9 Grammatical Pitfalls


[tuhn] /tʌn/
a unit of weight, equivalent to 2000 pounds (0.907 metric ton) avoirdupois (short ton) in the U.S. and 2240 pounds (1.016 metric tons) avoirdupois (long ton) in Great Britain.
Also called freight ton. a unit of volume for freight that weighs one ton, varying with the type of freight measured, as 40 cubic feet of oak timber or 20 bushels of wheat.
a unit of volume used in transportation by sea, commonly equal to 40 cubic feet (1.13 cu. m) (shipping ton or measurement ton)
a unit of internal capacity of ships, equal to 100 cubic feet (2.83 cu. m) (register ton)
Often, tons. Informal. a great quantity; a lot:
a ton of jokes; tons of wedding presents.
British Informal. a speed of 100 miles per hour.
Origin of ton1
1350-1400; Middle English; variant of tun


[French tawn] /French tɔ̃/
noun, plural tons
[French tawn] /French tɔ̃/ (Show IPA)
high fashion; stylishness.
the current fashion, style, or vogue.
1755-65; < French < Latin tonus tone
Related forms
tonish, tonnish
[ton-ish] /ˈtɒn ɪʃ/ (Show IPA),
tonishly, tonnishly, adverb
tonishness, tonnishness, noun


a suffix formerly used to form nouns from adjectives:
simpleton; singleton.
variant of dial. tone one (see tother) Unabridged
Based on the Random House Dictionary, © Random House, Inc. 2015.
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Examples from the web for ton
  • The problem is that both books contain an article's worth of ideas and a ton of padding.
  • The humpback, in particular, can eat more than a ton of krill in one day.
  • There's a ton of research that shows playing games with people actually improves relationships with them.
  • Wood is heavy enough as it is, but combined with all those bolted-on brackets it likely weighs a ton.
  • There aren't a ton of jobs being posted right now due to the economy, but by the time you are graduating, it should pick up.
  • Adults grow up to eight feet long and can weigh a ton.
  • There is a ton of well-researched, fascinating information with terrific and terrifying stories from history.
  • What resulted was a tennis game that's a ton of fun, overall.
  • The real problem here is that governments make a ton of money from alcohol taxes.
  • He does field research on anacondas, which can weigh more than half a ton.
British Dictionary definitions for ton


(Brit) Also called long ton. a unit of weight equal to 2240 pounds or 1016.046909 kilograms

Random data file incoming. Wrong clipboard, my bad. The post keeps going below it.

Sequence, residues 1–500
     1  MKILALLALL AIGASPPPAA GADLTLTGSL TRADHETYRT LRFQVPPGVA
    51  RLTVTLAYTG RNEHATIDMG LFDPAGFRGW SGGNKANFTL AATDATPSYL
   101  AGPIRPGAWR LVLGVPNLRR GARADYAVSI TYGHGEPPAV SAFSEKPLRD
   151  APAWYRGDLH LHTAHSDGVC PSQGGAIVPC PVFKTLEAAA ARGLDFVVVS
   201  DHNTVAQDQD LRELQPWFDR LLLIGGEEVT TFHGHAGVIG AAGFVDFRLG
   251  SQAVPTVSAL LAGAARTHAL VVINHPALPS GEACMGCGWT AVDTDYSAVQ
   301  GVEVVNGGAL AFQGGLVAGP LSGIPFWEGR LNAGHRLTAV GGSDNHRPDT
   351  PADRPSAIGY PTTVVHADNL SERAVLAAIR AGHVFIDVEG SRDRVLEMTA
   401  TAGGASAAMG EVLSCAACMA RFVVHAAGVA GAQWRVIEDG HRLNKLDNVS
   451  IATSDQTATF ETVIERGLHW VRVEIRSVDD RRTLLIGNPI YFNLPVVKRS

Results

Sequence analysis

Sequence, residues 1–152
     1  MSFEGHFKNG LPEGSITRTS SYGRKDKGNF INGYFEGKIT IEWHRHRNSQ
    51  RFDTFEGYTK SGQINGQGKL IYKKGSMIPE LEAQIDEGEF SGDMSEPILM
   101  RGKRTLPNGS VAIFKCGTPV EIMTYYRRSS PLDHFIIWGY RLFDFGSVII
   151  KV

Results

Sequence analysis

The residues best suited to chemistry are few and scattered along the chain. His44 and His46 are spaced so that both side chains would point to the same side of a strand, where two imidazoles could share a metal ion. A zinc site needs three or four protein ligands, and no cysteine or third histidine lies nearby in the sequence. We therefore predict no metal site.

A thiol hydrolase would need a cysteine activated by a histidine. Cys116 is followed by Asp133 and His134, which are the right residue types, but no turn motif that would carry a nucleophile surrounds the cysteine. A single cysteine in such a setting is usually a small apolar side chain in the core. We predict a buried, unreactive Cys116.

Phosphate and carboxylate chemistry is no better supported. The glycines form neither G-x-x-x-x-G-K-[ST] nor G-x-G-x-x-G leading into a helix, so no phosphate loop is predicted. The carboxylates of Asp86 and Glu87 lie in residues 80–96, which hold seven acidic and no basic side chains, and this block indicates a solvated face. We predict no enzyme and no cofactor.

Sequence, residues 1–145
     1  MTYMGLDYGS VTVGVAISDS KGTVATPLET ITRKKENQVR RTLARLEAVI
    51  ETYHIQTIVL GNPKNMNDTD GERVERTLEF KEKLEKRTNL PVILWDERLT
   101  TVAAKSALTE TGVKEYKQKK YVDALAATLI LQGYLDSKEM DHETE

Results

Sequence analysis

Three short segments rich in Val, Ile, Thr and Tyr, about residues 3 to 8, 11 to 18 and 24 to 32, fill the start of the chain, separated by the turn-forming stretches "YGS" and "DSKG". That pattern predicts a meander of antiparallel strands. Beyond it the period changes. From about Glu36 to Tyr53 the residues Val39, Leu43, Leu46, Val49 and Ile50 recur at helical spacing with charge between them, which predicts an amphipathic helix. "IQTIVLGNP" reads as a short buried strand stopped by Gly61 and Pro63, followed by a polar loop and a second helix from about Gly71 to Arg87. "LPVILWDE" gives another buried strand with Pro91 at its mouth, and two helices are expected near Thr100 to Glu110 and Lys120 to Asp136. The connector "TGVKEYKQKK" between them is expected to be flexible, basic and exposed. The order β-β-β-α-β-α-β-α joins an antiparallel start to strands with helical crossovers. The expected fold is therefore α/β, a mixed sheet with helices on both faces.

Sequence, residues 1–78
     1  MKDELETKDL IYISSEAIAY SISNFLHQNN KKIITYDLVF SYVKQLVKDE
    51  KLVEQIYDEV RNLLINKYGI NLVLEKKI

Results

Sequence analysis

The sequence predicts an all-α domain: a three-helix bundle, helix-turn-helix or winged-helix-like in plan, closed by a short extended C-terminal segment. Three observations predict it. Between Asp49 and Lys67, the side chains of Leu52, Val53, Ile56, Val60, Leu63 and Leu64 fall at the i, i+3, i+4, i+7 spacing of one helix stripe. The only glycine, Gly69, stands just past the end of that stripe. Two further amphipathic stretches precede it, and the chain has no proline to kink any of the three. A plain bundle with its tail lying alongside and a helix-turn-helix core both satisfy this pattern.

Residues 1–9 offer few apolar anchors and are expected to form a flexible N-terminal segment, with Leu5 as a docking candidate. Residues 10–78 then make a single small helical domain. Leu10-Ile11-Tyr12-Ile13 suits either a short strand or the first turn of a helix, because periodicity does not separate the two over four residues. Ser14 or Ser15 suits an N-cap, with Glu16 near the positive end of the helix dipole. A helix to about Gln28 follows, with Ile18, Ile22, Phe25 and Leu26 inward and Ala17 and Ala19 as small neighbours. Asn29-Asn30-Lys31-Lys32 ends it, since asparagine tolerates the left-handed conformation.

(US) Also called short ton, net ton. a unit of weight equal to 2000 pounds or 907.184 kilograms
Also called metric ton, tonne. a unit of weight equal to 1000 kilograms
Also called freight ton. a unit of volume or weight used for charging or measuring freight in shipping. It depends on the type of material being shipped but is often taken as 40 cubic feet, 1 cubic metre, or 1000 kilograms: freight is charged at £40 per ton of 1 cubic metre
Also called measurement ton, shipping ton. a unit of volume used in shipping freight, equal to 40 cubic feet, irrespective of the commodity shipped
Also called displacement ton. a unit used for measuring the displacement of a ship, equal to 35 cubic feet of sea water or 2240 pounds
Also called register ton. a unit of internal capacity of ships equal to 100 cubic feet
See also tons
Word Origin
C14: variant of tun


style, fashion, or distinction
Word Origin
C18: from French, from Latin tonustone


(slang, mainly Brit) a score or achievement of a hundred, esp a hundred miles per hour, as on a motorcycle
Word Origin
C20: special use of ton1 applied to quantities of one hundred
Collins English Dictionary - Complete & Unabridged 2012 Digital Edition
© William Collins Sons & Co. Ltd. 1979, 1986 © HarperCollins
Publishers 1998, 2000, 2003, 2005, 2006, 2007, 2009, 2012
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Word Origin and History for ton

late 14c., tonne, unit for measuring the carrying capacity of a ship, originally "space occupied by a tun or cask of wine," thus identical to tun (q.v.). The two words were not differentiated until 1680s. The measure of weight is first recorded late 15c.; the spelling ton is from 1530s, and became firmly established 18c.

Online Etymology Dictionary, © 2010 Douglas Harper
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ton in Science
  1. A unit of weight in the US Customary System equal to 2,000 pounds (900 kilograms). Also called short ton. See Table at measurement.

  2. A unit of weight in the US Customary System equal to 2,240 pounds (1,008 kilograms). Also called long ton. See Table at measurement.

  3. See metric ton.

The American Heritage® Science Dictionary
Copyright © 2002. Published by Houghton Mifflin. All rights reserved.
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Slang definitions & phrases for ton

tommy gun

noun phrase

A handheld automatic repeating firearm; a submachine gun; burp gun, chopper

[1929+; fr the name of the .45-caliber Thompson submachine gun, the earliest well-known weapon of this sort, and a favorite arm of the gangster era]

The Dictionary of American Slang, Fourth Edition by Barbara Ann Kipfer, PhD. and Robert L. Chapman, Ph.D.
Copyright (C) 2007 by HarperCollins Publishers.
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Related Abbreviations for ton


threshold odor number
The American Heritage® Abbreviations Dictionary, Third Edition
Copyright © 2005 by Houghton Mifflin Company.
Published by Houghton Mifflin Company. All rights reserved.
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Idioms and Phrases with ton
The American Heritage® Idioms Dictionary
Copyright © 2002, 2001, 1995 by Houghton Mifflin Company. Published by Houghton Mifflin Company.
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